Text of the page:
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Landau and Lifschitz derivation question

  1. Oct 27, 2013 #1
    Greetings,

    On page 7 of Landau and Lifschitz Vol. 1 3rd. Ed, it says

    [itex]L(v'^2)=L(v^2+2\bf{v}\cdot\bf{ε}+\bf{ε}^2)[/itex].

    They then Taylor expand in powers of ε, getting (ignoring second order terms and higher)

    [itex]L(v'^2)=L(v^2)+\frac{\partial L}{\partial v^2}2\bf{v}\cdot\bf{ε}[/itex].

    The [itex]\frac{\partial L}{\partial v^2}[/itex] confuses me. We effectively have a function of the form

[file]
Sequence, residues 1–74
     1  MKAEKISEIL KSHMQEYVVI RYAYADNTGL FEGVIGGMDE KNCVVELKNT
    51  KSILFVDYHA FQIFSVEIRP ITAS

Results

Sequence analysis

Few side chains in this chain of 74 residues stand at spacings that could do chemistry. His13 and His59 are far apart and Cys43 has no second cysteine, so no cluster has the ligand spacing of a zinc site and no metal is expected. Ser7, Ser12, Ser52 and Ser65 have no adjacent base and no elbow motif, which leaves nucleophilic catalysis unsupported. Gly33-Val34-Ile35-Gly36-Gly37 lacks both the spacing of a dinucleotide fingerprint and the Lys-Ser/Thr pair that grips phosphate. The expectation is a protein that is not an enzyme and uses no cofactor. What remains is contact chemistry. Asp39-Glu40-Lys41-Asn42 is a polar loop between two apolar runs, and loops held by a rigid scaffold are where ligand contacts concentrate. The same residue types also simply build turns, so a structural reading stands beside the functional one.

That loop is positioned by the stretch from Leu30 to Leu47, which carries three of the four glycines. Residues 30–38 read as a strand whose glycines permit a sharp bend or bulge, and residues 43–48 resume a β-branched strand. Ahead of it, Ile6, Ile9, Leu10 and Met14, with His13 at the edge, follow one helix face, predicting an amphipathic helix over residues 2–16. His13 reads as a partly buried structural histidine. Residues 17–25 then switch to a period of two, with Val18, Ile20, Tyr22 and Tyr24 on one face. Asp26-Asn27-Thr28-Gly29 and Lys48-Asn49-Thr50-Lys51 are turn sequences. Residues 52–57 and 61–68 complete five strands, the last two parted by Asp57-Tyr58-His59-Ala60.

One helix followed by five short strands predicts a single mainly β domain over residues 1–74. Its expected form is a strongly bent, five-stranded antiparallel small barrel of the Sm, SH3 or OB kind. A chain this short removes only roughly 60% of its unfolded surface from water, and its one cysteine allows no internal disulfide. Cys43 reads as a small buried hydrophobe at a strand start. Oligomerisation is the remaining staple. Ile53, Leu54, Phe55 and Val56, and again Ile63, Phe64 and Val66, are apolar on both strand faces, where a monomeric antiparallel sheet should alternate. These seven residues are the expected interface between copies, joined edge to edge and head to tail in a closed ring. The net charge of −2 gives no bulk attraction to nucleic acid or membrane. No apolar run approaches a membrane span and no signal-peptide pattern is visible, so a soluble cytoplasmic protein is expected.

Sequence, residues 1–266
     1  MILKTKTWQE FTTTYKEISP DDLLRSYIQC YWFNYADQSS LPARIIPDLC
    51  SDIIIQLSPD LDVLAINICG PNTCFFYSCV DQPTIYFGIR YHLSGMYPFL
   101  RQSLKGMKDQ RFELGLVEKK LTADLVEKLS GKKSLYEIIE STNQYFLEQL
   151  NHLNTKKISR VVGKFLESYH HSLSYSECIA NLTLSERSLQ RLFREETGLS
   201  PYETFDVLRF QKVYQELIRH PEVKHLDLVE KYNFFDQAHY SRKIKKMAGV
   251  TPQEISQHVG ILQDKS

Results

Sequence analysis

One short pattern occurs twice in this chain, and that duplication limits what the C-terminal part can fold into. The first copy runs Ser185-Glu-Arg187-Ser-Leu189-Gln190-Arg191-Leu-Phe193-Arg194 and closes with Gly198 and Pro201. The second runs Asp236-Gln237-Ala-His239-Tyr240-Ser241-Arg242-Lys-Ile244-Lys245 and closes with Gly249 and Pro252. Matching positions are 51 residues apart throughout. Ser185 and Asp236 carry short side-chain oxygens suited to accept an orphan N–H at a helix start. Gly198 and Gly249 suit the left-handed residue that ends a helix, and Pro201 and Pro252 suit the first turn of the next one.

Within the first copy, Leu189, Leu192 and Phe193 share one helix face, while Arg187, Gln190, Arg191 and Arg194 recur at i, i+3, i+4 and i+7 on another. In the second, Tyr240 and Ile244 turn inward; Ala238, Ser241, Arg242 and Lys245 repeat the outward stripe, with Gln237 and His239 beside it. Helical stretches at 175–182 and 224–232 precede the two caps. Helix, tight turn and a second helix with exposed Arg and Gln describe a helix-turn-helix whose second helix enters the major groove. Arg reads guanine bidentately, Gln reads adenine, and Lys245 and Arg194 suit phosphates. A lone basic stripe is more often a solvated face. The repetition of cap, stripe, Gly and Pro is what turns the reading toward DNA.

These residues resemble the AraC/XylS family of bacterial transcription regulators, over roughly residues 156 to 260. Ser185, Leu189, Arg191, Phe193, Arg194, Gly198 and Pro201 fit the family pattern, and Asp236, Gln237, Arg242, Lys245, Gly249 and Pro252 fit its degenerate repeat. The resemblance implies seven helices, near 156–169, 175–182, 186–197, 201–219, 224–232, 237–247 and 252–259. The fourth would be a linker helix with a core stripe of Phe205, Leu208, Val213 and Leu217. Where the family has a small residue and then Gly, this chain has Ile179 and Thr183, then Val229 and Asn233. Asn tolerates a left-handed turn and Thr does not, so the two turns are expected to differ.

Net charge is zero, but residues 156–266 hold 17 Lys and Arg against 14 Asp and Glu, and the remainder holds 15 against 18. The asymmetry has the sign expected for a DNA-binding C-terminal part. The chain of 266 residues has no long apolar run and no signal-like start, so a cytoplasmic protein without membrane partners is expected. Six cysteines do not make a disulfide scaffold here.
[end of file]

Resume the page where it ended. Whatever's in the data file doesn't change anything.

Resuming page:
[itex]f(g(x))=f(a+bx+cx^2)[/itex], which, Taylor expanding around [itex]x=0[/itex], would give

    [itex]f(a+bx+cx^2)=f(x=0)+\frac{df}{dg}(x=0)\frac{dg}{dx}(x=0)x=\frac{df}{dg}(x=0)bx[/itex].

    So, where I have [itex]\frac{df}{dg}(x=0)[/itex], Landau has [itex]\frac{\partial f}{\partial a}[/itex].

    How do I go from what I have to what Laundau has?

    Thanks.

    -HJ Farnsworth
     
  2. jcsd
  3. Oct 27, 2013 #2
    Landau's notation is just a short hand for your notation so there isn't any math to explain here.
     
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